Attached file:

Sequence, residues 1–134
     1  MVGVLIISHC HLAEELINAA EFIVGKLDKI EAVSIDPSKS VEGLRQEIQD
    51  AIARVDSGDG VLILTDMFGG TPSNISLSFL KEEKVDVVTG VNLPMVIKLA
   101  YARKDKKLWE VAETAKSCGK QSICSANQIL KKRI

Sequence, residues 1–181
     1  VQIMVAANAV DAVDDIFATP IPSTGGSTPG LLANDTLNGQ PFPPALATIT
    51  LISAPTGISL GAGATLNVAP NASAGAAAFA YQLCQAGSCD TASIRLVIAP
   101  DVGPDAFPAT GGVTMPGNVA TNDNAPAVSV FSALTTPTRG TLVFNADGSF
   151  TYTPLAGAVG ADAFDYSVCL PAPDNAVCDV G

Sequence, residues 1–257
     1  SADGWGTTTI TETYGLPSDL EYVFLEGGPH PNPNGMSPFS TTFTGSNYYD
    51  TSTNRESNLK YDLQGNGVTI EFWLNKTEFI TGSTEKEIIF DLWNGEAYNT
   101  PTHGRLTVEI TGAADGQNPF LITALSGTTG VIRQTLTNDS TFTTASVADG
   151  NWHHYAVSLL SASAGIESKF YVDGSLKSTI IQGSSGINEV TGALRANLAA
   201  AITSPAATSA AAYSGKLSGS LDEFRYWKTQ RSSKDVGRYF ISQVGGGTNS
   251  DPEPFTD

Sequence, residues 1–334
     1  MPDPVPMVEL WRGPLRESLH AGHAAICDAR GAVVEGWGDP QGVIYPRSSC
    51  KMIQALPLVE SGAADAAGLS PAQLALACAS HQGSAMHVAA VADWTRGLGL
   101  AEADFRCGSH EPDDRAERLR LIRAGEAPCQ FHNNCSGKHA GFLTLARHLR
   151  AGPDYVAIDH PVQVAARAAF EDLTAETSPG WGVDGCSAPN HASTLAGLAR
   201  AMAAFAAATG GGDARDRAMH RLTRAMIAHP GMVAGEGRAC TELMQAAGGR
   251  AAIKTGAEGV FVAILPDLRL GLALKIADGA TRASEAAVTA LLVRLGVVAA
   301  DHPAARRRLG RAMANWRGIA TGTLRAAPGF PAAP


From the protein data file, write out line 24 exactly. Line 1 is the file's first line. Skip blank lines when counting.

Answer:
   301  DHPAARRRLG RAMANWRGIA TGTLRAAPGF PAAP